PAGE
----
This doesn’t mean there won’t or shouldn’t be any supports provided for the new hires by the district. The district supports, such as a summer orientation, or training for new mentors should continue in collaboration with the schools and their Induction Programs. However, a school needs to take ownership and responsibility for the teachers setting foot on their campus for the first time which needs to include dedicated mentors working with first and second year teachers to assist them in reflecting upon their teaching practice and reaching the diverse needs of their learners in an equitable way.

This type of school driven support for inducting newly hired teachers is necessary and can easily be adapted into a school’s culture given all the supports provided by not only the district but by the state as well. There needs to be an expectation that all schools will have a system in place to support their newly hired teachers and the system or structures provided are rooted in the many years of research on best practices of teacher induction. Many of our schools across the state have embraced this philosophy and they provide an example of how this support can be sustained within the school’s norms. By shining the light upon these school’s structures & systems, other schools can rethink their school design to include ongoing and sustained supports for their new hires.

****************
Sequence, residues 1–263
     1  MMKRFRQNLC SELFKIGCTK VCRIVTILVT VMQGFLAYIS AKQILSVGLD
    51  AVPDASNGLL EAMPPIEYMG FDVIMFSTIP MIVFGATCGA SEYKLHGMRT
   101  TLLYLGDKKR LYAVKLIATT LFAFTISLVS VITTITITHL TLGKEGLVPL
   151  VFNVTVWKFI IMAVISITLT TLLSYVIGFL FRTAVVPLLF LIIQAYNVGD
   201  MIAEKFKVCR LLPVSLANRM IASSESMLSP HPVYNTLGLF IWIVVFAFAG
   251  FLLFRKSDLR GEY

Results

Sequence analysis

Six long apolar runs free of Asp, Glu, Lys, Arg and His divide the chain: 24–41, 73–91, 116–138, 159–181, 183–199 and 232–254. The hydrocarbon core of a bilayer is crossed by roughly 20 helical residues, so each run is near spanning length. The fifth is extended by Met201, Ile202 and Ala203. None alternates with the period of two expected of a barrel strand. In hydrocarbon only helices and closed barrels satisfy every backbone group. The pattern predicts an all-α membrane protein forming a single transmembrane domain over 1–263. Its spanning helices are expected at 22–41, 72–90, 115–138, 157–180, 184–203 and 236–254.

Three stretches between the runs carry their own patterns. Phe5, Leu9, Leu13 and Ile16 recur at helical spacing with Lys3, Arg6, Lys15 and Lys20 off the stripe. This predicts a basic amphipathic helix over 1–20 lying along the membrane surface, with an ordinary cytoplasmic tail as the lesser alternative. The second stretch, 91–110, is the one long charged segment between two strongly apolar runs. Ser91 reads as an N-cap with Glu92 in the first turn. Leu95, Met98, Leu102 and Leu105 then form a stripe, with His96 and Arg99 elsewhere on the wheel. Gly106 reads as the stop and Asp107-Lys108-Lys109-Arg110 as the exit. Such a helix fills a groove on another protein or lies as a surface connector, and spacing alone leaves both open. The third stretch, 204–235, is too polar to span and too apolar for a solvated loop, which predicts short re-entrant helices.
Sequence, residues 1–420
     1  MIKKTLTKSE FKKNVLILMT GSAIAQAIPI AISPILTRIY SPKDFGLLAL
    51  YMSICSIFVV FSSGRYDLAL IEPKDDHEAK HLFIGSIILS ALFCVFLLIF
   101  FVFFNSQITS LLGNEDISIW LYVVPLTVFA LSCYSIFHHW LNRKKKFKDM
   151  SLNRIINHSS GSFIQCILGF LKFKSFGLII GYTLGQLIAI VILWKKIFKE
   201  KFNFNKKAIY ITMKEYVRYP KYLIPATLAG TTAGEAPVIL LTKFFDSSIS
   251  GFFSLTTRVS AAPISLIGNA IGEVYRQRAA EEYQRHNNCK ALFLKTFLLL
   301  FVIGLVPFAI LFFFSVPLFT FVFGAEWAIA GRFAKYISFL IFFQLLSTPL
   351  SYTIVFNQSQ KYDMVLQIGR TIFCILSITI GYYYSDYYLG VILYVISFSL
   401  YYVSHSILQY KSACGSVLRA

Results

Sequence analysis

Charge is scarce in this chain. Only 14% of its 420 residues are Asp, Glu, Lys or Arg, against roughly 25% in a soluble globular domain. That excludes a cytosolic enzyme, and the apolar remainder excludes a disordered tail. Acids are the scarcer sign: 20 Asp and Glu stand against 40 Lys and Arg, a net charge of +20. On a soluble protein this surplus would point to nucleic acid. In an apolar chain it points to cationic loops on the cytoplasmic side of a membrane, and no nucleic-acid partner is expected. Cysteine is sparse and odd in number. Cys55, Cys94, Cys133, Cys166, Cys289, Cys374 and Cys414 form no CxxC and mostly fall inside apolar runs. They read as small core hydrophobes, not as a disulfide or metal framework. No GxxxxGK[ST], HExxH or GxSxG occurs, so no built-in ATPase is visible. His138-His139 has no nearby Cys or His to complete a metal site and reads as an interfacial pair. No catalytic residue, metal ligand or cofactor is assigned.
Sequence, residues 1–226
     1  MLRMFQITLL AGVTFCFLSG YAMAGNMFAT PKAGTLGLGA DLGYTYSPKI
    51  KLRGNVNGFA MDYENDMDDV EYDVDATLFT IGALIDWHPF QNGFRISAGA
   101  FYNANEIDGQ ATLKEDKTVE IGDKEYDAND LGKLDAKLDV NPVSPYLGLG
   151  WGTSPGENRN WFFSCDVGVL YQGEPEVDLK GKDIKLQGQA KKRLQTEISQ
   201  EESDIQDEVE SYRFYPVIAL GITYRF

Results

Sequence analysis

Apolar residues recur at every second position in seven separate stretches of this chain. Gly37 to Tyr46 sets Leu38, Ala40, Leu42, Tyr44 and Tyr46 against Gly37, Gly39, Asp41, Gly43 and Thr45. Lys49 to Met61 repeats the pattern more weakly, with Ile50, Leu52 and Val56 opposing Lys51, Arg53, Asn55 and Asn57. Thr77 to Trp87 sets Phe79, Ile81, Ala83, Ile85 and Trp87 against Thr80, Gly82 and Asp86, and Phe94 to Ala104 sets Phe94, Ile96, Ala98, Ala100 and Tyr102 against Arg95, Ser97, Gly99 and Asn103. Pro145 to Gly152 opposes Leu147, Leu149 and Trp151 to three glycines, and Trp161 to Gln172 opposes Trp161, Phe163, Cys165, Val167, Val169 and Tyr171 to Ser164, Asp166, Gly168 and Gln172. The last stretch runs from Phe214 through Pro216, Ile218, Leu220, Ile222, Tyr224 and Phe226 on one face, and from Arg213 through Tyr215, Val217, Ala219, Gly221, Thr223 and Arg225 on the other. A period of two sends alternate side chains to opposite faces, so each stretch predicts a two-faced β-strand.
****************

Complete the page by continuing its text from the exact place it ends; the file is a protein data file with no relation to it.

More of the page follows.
*Title II funding is U.S. Department of Education funds dedicated to “Preparing, Training, and Recruiting High Quality Teachers and Principals”.

 

 Caroline is the Kaua’i Complex Area Teacher Induction Program Coordinator and has worked as a Kaua’i Complex Area Resource Teacher since the 2012-2013 school year. Caroline completed the New Teacher Center Mentor Training Presenters’ Academy, facilitates mentor training for mentors on Kaua’i and has completed the Na Kumu Alaka’i Teacher Leader Academy. She was part of the Hawai’i two-year cohort for the NEA/CTQ Teacher Leadership Initiative. A member of the Delta Kappa Gamma Society of educators, Caroline is HSTA Kaua’i Chapter Treasurer. She received her BA in Early Childhood Education and MA in Elementary Education from Queens College, New York.

Caroline is the Kaua’i Complex Area Teacher Induction Program Coordinator and has worked as a Kaua’i Complex Area Resource Teacher since the 2012-2013 school year. Caroline completed the New Teacher Center Mentor Training Presenters’ Academy, facilitates mentor training for mentors on Kaua’i and has completed the Na Kumu Alaka’i Teacher Leader Academy. She was part of the Hawai’i two-year cohort for the NEA/CTQ Teacher Leadership Initiative. A member of the Delta Kappa Gamma Society of educators, Caroline is HSTA Kaua’i Chapter Treasurer. She received her BA in Early Childhood Education and MA in Elementary Education from Queens College, New York.